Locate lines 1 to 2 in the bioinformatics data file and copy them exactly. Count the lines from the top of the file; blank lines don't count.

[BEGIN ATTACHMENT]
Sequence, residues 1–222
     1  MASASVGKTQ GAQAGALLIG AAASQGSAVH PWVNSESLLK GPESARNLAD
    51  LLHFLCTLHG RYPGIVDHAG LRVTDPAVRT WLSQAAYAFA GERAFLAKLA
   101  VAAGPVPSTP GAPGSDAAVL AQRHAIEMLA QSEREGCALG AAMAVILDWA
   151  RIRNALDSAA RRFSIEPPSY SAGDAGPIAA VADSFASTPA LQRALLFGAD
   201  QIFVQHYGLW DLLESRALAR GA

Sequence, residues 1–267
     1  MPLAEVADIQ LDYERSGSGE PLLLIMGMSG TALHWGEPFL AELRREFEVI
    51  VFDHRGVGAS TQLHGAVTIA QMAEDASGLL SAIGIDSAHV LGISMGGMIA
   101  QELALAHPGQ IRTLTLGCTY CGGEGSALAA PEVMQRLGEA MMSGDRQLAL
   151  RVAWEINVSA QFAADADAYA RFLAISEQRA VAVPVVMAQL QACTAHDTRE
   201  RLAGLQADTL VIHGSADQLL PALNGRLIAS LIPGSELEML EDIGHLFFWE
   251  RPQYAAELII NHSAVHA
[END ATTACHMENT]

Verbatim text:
Sequence, residues 1–222
     1  MASASVGKTQ GAQAGALLIG AAASQGSAVH PWVNSESLLK GPESARNLAD